Metal-Mediated Carbocyclic Construction: The Simpkins Synthesis of Ialibinones A and B
Adriaan J. Minnaard and Ben L. Feringa of the University of Groningen devised (J. Am. Chem. Soc. 2010, 132, 14349. DOI: 10.1021/ja105704m) what promises to be a general strategy for the construction of enantiomerically-pure cyclopropanes, based on conjugate addition to acceptors such as 1. X. Peter Zhang of the University of South Florida developed (J. Am. Chem. Soc. 2010, 132, 12796. DOI: 10.1021/ja1056246) a Co catalyst for the enantioselective cyclopropanation of α-olefins such as 3. Seiji Iwasa of Toyohashi University of Technology designed (Angew. Chem. Int. Ed. 2010, 49, 8439. DOI: 10.1002/anie.201002240) a resin-bound Ru catalyst that could be used repeatedly for the enantioselective cyclization of the ester 6. Rai-Shung Lin of National Tsing-Hua University showed (Angew. Chem. Int. Ed. 2010, 49, 9891. DOI: 10.1002/anie.201004647) that a gold catalyst could expand the alkyne 8 to the cyclobutene 9.
Takao Ikariya of the Tokyo Institute of Technology reported (J. Am. Chem. Soc. 2010, 132, 16637. DOI: 10.1021/ja107597w) a detailed study of the enantioselective conjugate addition of malonate 11 to cyclopentenone 10. Vladimir A. D’yakonov of the Russian Academy of Sciences, Ufa showed (Tetrahedron Lett. 2010, 51, 5886. DOI: 10.1016/j.tetlet.2010.08.120) that a cyclic alkyne 13 could be annulated to the cyclopentenone 14. Shunichi Hashimoto of Hokkaido University also designed (Angew. Chem. Int. Ed. 2010, 49, 6979. DOI: 10.1002/anie.201003730) a resin-bound Rh catalyst that could also be used repeatedly, for the enantioselective cyclization of the ester 15. Tushar Kanti Chakraborty of the Central Drug Research Institute used (Tetrahedron Lett. 2010, 51, 4425. DOI: 10.1016/j.tetlet.2010.06.076) Ti(III) to mediate the diastereoselective cyclization of 17 to 18.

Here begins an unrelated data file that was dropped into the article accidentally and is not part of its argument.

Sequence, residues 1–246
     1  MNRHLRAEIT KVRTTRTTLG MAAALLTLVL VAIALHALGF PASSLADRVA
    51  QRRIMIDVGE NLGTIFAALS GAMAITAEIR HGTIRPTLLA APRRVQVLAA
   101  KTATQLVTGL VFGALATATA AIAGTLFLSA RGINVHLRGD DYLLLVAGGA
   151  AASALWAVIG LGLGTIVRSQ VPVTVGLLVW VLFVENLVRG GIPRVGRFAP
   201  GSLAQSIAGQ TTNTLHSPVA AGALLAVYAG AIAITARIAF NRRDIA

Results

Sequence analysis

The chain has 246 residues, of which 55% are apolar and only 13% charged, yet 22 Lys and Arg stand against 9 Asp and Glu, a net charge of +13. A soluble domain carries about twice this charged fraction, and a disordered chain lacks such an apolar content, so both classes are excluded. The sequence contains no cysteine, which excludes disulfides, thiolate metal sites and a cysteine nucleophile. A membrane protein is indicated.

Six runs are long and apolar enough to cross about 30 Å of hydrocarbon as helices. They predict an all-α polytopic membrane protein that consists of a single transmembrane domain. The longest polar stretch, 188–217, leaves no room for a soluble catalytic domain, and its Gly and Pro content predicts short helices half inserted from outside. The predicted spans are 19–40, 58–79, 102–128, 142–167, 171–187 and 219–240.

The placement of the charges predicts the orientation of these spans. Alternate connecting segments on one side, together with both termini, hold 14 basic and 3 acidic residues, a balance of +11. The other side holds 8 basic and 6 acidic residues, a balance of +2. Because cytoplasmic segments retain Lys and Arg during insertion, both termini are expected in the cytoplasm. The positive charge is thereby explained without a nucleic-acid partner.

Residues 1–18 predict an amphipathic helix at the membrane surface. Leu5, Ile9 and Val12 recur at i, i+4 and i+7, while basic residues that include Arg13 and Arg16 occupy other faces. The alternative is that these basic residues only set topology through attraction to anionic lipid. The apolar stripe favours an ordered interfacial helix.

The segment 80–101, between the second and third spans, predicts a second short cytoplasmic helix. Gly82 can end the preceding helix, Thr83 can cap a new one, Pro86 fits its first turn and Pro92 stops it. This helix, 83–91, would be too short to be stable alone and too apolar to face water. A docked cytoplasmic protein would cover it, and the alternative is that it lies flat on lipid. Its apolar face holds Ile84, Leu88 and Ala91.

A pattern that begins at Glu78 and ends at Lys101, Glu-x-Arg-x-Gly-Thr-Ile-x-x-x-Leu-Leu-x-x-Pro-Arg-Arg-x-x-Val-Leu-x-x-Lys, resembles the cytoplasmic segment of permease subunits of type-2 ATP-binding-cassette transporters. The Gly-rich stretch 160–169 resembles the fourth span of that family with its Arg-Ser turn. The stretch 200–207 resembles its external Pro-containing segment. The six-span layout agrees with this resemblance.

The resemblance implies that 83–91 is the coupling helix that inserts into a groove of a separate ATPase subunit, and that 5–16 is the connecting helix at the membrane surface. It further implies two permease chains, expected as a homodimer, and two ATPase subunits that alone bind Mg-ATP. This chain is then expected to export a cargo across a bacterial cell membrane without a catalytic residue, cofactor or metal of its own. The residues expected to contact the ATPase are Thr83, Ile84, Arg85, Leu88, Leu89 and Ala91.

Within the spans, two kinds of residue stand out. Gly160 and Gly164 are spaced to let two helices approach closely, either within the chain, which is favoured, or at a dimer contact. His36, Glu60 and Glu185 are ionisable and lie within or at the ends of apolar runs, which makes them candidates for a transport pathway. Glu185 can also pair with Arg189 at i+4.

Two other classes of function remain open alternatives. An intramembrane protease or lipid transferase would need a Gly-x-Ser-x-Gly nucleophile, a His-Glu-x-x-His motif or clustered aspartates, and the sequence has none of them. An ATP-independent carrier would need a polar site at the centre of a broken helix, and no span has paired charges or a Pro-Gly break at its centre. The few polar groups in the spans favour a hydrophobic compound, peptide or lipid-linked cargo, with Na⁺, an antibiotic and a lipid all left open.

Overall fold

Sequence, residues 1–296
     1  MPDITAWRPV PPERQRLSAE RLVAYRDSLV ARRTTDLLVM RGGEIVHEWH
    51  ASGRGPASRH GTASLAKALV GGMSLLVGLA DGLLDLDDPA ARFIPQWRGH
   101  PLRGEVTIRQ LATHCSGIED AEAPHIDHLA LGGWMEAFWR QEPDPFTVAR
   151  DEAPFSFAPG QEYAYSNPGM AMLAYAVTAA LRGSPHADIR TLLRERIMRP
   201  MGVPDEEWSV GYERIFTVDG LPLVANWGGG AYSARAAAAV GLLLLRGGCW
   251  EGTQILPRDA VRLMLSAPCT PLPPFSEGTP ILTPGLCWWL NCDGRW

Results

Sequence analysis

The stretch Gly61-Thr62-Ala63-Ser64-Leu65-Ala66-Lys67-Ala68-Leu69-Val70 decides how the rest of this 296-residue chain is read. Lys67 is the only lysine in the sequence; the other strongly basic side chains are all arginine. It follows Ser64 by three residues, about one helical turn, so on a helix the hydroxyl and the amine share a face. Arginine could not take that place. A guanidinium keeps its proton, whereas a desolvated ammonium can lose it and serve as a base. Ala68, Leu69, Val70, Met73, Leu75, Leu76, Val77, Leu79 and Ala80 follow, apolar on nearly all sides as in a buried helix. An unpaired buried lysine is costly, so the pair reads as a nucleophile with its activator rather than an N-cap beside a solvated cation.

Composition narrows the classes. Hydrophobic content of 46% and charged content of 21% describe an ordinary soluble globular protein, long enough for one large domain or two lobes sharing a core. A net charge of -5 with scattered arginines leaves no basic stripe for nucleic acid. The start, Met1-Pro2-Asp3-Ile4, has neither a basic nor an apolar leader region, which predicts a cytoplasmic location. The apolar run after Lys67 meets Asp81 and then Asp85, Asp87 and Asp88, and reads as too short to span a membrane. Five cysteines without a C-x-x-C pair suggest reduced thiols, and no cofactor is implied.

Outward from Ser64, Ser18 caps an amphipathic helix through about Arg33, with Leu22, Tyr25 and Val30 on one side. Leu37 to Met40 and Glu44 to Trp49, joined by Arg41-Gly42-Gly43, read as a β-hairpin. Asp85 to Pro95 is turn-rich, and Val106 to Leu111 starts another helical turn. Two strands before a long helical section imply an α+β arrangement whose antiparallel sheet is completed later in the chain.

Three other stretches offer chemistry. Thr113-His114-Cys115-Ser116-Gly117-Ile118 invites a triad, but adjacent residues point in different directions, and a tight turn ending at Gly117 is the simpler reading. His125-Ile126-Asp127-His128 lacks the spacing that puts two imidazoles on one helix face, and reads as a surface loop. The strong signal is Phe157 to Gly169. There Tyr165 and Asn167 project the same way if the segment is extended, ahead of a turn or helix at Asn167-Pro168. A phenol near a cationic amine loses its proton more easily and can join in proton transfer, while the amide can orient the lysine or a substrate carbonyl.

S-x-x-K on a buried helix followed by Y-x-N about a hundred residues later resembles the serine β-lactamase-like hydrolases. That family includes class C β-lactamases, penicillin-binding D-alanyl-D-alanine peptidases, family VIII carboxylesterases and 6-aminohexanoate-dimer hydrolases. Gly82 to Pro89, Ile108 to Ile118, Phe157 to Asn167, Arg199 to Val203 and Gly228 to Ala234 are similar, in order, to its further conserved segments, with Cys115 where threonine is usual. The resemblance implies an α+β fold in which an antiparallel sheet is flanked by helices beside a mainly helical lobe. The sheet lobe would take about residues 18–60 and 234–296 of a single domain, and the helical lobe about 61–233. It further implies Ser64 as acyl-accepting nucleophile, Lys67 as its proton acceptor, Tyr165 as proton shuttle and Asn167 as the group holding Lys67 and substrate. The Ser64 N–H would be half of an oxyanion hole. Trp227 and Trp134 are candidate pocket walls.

Alexandre Alexakis of the University of Geneva extended (Synlett 2010, 1694. DOI: 10.1055/s-0029-1219958) enantioselective conjugate addition of isopropenyl to the more difficult enone 19. Joseph P. A. Harrity of the University of Sheffield showed (Org. Lett. 2010, 12, 4832. DOI: 10.1021/ol102213s) that Pd could catalyze the rearrangement of 21 to 22.
Strategies for the controlled construction of polycyclic ring systems are also important. Günter Helmchen of the Universität Heidelberg showed (J. Org. Chem. 2010, 75, 7917. DOI: 10.1021/jo1014068) that 23 was efficiently cyclized to the diene with Pt catalyst. The reaction could be carried out in the presence of the dienophile 24, to give 25 directly. We found (J. Am. Chem. Soc. 2010, 132, 11179. DOI: 10.1021/ja103551x) that the cyclopropane formed from cyclization of the keto diene could be ring expanded with CO to give the bicyclic enone 27.
In pursuit of the tricyclic antibacterial ketones Ialibinone A (29) and Ialibinone B (30), Nigel S. Simpkins of the University of Birmingham prepared (Tetrahedron Lett. 2010, 51, 4823. DOI: 10.1016/j.tetlet.2010.07.025) the tetraketone 28. The radical from oxidation of 28 cyclized preferentially onto one of the alkenes, to generate an intermediate radical that cyclized onto the other alkene. The latter cyclization proceeded with modest diastereocontrol.